Lucinda Williams, "West" (Lost Highway)
"My songs reflect where I am in my life," 54-year-old singer-songwriter and
alt-country heroine Lucinda Williams recently told the Daily News. "It's
like writing a journal: I have to do it, otherwise I'll die." As that quote
indicates, Williams' music has never been light, breezy listening; even her
1998 breakthrough, "Car Wheels on a Gravel Road," made for a disturbing if
not downright depressing ride at times. But inspired by the death of her
mother and the turbulent end of a romantic relationship, the follow-up to
2003's "World Without Tears" may be her darkest, most solemn album ever.
"Are you alright?" Williams asks again and again in the opening track of
the same name. The insistent repetition, the lonely 3 a.m. quality of her
sandpaper vocals and the sad lilt of the music -- exquisitely recorded in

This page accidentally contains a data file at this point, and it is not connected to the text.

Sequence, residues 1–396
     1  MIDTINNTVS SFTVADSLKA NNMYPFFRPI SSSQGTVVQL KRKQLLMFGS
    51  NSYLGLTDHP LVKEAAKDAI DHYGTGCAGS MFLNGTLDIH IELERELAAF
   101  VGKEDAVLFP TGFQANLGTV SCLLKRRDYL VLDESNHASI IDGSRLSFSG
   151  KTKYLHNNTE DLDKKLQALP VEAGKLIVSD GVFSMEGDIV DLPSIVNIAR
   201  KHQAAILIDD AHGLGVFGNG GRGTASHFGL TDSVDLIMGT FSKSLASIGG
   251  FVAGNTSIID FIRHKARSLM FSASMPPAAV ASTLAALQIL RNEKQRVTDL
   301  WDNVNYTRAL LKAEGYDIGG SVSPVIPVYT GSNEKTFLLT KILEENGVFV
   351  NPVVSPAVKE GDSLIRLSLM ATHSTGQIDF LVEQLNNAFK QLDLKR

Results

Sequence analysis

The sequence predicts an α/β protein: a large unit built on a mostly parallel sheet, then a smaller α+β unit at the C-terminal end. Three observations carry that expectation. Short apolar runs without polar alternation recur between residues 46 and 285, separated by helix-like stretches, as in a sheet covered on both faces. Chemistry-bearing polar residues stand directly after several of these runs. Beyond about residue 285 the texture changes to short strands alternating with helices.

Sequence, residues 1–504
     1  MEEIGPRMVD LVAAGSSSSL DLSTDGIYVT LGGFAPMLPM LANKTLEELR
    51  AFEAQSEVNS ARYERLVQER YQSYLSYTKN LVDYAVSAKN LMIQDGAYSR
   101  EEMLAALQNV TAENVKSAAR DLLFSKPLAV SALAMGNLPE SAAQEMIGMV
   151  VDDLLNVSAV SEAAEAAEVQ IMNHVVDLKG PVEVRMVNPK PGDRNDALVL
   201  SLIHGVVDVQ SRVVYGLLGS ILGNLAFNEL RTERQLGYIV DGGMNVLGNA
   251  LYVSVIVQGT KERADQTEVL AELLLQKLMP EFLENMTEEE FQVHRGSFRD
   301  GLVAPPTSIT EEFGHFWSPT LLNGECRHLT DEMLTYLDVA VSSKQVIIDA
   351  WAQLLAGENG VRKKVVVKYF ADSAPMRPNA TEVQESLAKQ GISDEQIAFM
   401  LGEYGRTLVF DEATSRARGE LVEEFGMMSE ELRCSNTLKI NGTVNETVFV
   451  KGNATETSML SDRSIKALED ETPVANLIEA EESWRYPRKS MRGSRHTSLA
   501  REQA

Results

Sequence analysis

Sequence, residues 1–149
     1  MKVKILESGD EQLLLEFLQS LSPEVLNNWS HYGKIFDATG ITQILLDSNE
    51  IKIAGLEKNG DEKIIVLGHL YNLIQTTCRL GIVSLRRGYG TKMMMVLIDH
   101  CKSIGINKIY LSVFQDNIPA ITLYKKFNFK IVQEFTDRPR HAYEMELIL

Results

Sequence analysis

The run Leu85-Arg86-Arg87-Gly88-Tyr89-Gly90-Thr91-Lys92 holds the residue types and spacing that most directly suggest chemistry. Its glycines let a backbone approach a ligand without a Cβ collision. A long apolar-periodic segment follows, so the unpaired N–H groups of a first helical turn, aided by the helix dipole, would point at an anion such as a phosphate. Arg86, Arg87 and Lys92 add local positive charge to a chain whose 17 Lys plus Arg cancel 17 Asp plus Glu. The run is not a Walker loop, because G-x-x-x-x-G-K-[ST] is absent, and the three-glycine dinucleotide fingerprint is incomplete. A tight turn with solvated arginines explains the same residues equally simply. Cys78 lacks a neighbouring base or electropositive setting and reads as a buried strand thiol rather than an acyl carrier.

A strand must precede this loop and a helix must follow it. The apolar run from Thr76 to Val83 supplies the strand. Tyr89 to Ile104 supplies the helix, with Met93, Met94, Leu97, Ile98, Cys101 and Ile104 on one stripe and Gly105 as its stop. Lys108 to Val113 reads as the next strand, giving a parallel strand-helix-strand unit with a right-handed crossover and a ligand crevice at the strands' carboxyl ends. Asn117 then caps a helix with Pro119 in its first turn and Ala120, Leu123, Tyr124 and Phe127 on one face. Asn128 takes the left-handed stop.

"you are there in an intimate, near-empty roadhouse" style by Hal Willner --
might prompt you to reply, "Yeah, I'm fine, but I'm really worried about
you." Then you realize that Williams is singing to an errant lover who
just picked up and left, and the act of inquiring about his well-being is
really a way of saying, "I'm doing great, or at least better than you,
"because you don't know what you lost."
And so it goes through all 13 tracks, on the songs inspired by the loss
of her mother ("Fancy Funeral," "Mama You Sweet"), the end of that
relationship ("Come On," "Where Is My Love?") or both ("Unsuffer Me,"
"Learning How to Live"). But the unrelentingly mid-tempo grooves create a
melancholy vibe that's almost oppressive by the end of the disc. That's
particularly unfortunate, because for all of her somber soul-searching,
things are actually looking up for Williams -- who now says she's met the
love of her life -- and the ultimate message of all of her songs is one of
resilience and pushing forward, just like the westward expansion of the
American settlers evoked in the title.